Review: Tom Sutton’s Creepy Things (2015)

Creepy Things

Tom Sutton’s Creepy Things
Yoe Books/IDW, 2015 (containing material from 1973-1977)
Artist: Tom Sutton
Writers: Tom Sutton, Joe Gill and Nick Cuti

Review by N Emmett.

In the 1970s, some twenty years after having all but killed off horror comics in the US, the Comics Code underwent a much-needed process of liberalisation. The orgies of decay and dismemberment that characterised 1950s horror comics were still out, but creators were once again free to depict gothic subjects such as vampires and werewolves that were explicitly banned by the original Comics Code.

Amongst the publishers jumping in to the revived genre of the horror comic was Charlton, purveyor of such titles as Ghost Manor, The Many Ghosts of Doctor Graves, Haunted (later Baron Weirwulf’s Haunted Library), Monster Hunters, Ghostly Haunts and Haunted Love: Tales of Gothic Romance. The Charlton horror comics have not been widely reprinted, but Tom Sutton’s Creepy Things aims to redress this with a handsome celebration of one of the publisher’s writer-artists.

sutt2The book collects a range of stories drawn by Tom Sutton for Charlton between 1973 and the publisher’s collapse in 1977; some were scripted by Sutton himself, while others were penned by house scribe Joe Gill or editor Nick Cuti. Looking at the comics presented here, it is clear to see that Sutton had a specific approach to drawing a horror comic: unable to return to the full-on morbidity of the fifties, he instead focused on making his comics weird.

Sutton’s pen work was generally rough and scratchy, and his characters tended to melt and distort from frame to frame. But he made up for these weaknesses by bringing a hallucinatory aspect to his illustrations: mixing art nouveau and psychedelia with conventional comic art, Sutton’s work takes on a genuinely odd feel quite unlike the more polished comics of EC in the fifties. This comes to a head in the book’s final story, “Curiosity Shop”, in which Sutton channels Virgil Finlay as he depicts a cosmos of Lovecraftian horrors.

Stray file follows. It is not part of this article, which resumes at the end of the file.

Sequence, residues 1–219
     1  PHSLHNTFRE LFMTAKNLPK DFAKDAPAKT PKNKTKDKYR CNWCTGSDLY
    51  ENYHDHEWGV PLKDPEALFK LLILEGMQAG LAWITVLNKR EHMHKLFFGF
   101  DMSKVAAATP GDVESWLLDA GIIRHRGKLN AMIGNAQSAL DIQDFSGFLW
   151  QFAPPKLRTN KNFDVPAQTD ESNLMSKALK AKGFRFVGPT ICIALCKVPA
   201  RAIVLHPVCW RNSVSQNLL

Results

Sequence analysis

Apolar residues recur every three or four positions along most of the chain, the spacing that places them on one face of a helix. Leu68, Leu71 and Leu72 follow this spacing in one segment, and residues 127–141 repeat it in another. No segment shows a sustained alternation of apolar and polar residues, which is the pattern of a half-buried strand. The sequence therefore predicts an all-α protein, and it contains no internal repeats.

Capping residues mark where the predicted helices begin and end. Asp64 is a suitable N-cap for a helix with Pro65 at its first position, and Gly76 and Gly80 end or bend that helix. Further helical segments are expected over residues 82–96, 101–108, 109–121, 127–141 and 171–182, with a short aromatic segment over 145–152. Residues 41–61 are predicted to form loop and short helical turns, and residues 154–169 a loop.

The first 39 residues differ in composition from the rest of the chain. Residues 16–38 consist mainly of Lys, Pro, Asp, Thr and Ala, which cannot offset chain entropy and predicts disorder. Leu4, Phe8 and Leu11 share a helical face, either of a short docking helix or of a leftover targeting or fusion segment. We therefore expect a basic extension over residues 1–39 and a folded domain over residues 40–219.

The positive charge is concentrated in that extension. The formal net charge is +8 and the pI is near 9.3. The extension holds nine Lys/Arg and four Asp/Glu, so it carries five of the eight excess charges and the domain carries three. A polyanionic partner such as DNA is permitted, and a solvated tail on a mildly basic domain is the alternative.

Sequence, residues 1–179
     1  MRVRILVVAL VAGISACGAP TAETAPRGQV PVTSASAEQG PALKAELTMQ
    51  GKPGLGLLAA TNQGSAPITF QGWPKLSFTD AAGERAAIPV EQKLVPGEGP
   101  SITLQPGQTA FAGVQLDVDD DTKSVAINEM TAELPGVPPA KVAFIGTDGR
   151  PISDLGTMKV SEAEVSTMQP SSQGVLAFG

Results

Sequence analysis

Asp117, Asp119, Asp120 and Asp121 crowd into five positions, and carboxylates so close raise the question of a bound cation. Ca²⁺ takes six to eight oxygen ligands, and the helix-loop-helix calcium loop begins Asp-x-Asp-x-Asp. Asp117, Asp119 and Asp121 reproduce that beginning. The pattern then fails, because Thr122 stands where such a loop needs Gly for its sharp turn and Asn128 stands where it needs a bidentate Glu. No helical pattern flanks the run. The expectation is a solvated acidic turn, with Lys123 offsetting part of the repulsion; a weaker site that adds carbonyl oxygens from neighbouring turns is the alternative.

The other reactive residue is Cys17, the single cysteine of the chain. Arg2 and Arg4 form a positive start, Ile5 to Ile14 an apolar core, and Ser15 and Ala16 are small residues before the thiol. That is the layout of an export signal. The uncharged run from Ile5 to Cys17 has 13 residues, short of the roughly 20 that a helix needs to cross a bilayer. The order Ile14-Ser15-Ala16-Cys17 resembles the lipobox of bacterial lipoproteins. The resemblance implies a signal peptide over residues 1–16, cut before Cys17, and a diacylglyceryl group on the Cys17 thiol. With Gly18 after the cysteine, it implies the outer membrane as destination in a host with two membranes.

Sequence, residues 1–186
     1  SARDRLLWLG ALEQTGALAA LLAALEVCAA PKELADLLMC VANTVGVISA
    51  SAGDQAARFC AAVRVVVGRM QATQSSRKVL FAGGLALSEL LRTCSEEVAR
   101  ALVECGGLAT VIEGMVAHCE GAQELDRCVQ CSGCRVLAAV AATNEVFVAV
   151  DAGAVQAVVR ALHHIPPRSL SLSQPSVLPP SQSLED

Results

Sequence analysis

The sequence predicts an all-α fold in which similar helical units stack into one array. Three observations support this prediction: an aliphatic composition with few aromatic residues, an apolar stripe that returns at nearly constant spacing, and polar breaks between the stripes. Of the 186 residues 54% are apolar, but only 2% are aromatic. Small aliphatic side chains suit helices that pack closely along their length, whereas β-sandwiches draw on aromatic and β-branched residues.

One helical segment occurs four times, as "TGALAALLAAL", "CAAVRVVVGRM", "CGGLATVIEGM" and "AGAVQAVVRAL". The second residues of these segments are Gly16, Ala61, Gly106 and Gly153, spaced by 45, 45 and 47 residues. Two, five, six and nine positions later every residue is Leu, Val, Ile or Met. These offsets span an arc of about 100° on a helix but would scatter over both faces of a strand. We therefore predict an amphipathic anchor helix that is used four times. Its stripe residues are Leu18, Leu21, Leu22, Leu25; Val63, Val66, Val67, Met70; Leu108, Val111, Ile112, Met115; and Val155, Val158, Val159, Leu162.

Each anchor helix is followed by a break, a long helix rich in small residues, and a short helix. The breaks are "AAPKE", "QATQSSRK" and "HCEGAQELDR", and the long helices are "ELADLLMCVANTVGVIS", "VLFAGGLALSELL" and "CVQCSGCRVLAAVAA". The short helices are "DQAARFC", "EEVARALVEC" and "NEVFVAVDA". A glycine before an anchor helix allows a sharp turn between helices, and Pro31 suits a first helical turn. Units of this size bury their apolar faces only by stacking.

The storylines tend to be as odd as the artwork, and presumably for the same reason: the writers sutt1could not portray graphic violence and so had to think outside the box when it came to spooking the readers.

Admittedly, the book uses a few chestnuts that were getting on a bit even back in the seventies. “Terrible Teddy” is a rehash of the “Tell-Tale Heart” subgenre, with the killer’s guilt this time personified as a one-eyed teddy bear. “The Game-Keeper” retells the Bluebeard folktale, with Avid van Drood opening a forbidden door and learning that she has married into a family of were-creatures. “The Kukulkaton” is an attempt at a Lovecraft pastiche (“Kukulkaton is said to be of the same dark brotherhood of the elder gods as Cthulhu, N’Yarlhoptep and Hastur the Unspeakable!”) that falls back too heavily on the clichés and hammy dialogue of adventure movies (“Stow it, hot pants! Those jungle bunnies don’t scare me!”)